Lisa immigrated to Canada with her parents at age ten.
Lisa immigrated to Canada with her parents at age ten. The move transformed their lives. Soon, Lisa felt disconnected from her parents, who grew up in a very different context than she was now growing up in. She felt that her parents didn’t recognize her achievements or validate her as a person. At the same time, she also felt alienated from her peers in this new context. Like many newcomer youth, she had that feeling of being split.
In what Lisa describes as “a misguided act of rebellion that lasted over five years,” she got connected with peers she knew weren’t the best influence in her life. When she decided she needed to make changes, she sought the help of Eva’s Family Reconnect Program. She tells her story in the report, Family Matters: Homeless Youth & Eva’s Initiative’s Family Reconnect Program.
“I didn’t start living with my parents until I was six years old, because both my parents had to work, so I lived with my grandmother … The main struggle when I was 13 or 14, really with my father, was a cultural clash. It was really difficult for me and even though I had really high grades at school they were so hard on me.
“The conflict started getting physical and I actually got involved with child services … My dad was charged with, I guess, assault, but later the charges were withdrawn because I retracted my statement …
“When I was in grade 11, I realized I just couldn’t be at home. I started researching shelters and Eva’s was the only one that was really helpful … I left a message with a counselor and she took me in the next day. The situation at home was really hostile and we worked out strategies of how to deal with it. So like instead of retaliating, I retreated to my room and chilled out. My parents aren’t really big believers in counseling … I did the counseling myself but learned how to deal with a situation that I knew was headed for the street. I learned that although I can’t live with them ever … I’m letting go of the ego and the anger and realizing that sometimes they may have been right and I’m not always the victim.”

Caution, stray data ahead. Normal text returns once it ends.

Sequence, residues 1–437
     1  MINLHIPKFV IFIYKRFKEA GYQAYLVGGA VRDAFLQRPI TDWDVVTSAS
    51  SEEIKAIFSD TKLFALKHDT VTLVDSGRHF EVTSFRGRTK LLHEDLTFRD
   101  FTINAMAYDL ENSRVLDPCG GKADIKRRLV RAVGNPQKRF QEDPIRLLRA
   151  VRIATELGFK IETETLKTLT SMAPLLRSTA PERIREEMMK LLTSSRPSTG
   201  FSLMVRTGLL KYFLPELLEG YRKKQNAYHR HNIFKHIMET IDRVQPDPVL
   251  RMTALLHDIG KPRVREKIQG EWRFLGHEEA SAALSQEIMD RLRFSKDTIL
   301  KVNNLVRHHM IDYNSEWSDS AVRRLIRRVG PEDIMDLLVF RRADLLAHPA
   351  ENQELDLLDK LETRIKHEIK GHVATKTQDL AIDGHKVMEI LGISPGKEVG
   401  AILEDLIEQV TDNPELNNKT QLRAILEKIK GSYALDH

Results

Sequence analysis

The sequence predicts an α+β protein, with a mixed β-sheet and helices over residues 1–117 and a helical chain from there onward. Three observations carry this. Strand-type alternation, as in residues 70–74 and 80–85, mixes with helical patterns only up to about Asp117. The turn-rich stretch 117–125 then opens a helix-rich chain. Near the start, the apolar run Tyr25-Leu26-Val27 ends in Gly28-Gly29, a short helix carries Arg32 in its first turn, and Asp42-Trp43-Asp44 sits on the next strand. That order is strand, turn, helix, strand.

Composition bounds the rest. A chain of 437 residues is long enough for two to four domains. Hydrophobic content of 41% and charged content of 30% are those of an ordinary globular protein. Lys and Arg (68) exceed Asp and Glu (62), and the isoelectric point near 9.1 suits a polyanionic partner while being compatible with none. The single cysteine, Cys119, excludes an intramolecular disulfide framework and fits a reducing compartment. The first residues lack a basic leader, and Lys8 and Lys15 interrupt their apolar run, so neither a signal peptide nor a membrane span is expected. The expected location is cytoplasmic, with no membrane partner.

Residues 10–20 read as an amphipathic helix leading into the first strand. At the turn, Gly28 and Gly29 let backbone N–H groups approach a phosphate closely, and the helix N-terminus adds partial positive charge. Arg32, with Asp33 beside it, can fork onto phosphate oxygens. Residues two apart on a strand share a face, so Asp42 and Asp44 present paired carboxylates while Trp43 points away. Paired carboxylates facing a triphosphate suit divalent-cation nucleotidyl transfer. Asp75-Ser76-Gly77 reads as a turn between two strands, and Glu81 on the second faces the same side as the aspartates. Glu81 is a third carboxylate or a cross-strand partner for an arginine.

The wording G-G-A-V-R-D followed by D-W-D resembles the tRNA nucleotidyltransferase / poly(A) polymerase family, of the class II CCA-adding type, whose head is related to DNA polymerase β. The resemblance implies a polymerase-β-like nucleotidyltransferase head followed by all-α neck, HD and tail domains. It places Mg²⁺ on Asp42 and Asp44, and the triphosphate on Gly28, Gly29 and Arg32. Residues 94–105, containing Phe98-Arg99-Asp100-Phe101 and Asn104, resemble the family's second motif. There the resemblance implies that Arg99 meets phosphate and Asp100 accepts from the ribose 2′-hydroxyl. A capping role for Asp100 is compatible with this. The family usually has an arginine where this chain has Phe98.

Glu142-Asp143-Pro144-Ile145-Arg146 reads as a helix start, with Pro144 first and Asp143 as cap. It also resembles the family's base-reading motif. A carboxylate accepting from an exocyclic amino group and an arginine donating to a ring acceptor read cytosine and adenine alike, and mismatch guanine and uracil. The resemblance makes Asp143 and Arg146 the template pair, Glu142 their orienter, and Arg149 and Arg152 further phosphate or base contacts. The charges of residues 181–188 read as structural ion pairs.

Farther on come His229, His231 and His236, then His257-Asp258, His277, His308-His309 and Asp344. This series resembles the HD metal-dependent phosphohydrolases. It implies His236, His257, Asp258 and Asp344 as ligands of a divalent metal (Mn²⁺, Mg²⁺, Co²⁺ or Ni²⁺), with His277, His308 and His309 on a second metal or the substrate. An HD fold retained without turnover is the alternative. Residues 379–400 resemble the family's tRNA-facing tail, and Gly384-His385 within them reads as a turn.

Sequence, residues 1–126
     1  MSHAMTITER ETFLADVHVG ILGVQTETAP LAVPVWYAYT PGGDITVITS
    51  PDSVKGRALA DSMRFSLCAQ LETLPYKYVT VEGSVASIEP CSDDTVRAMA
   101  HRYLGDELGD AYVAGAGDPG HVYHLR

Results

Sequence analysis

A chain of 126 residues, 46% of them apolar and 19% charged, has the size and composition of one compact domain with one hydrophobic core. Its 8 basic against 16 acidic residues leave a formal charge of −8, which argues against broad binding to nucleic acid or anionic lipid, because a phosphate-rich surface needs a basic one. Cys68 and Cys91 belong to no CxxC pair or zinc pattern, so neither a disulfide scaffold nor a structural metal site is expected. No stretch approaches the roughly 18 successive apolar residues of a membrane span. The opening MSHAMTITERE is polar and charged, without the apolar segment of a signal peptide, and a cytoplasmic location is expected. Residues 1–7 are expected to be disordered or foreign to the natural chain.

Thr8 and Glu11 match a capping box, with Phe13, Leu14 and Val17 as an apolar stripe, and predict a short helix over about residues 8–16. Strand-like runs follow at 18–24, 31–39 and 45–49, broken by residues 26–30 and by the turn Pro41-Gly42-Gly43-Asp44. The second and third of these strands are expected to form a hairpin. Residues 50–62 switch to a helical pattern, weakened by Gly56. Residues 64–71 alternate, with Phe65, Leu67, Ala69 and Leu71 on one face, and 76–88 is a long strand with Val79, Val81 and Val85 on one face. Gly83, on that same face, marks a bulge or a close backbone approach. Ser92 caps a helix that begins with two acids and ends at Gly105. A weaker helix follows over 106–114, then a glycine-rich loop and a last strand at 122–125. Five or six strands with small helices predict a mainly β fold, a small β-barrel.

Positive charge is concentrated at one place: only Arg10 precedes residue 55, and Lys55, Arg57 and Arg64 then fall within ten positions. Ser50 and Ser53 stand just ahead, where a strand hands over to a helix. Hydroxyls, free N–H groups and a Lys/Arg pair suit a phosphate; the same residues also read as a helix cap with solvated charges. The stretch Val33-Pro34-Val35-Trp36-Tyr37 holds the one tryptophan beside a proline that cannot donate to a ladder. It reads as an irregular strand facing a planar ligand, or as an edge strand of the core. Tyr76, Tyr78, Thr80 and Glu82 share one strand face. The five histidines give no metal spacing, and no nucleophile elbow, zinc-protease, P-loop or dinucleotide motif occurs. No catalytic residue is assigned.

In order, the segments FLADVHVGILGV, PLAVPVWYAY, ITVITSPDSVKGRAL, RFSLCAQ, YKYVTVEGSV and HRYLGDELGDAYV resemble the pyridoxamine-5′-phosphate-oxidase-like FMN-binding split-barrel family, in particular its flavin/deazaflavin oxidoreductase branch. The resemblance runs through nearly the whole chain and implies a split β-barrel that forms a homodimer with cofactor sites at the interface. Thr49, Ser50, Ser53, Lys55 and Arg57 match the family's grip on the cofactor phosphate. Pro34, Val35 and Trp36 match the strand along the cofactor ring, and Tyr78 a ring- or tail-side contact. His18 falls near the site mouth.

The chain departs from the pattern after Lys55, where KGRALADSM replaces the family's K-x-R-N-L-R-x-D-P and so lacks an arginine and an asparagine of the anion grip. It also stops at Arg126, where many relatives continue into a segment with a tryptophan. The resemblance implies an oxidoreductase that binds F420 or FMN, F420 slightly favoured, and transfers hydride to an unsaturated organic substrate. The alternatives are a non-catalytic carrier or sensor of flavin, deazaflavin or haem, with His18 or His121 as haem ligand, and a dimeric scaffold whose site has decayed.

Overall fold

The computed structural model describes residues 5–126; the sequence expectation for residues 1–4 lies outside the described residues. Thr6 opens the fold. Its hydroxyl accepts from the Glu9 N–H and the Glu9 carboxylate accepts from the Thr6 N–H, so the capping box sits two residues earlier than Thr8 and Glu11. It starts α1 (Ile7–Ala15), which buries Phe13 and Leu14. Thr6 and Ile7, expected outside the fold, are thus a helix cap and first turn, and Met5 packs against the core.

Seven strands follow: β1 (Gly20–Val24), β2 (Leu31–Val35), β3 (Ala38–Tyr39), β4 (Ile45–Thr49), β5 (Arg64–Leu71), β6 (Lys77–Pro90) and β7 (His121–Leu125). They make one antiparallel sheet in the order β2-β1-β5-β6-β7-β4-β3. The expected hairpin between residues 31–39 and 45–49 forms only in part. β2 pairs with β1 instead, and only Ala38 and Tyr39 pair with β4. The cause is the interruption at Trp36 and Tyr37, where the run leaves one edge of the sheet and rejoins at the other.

During two years of counseling and with support from Eva’s staff, Lisa’s life changed for the better. She re-discovered her love of art and began painting using an ink brush. With this renewed confidence, her academics excelled. She graduated high school with honours and received a major national scholarship to attend any university in Canada.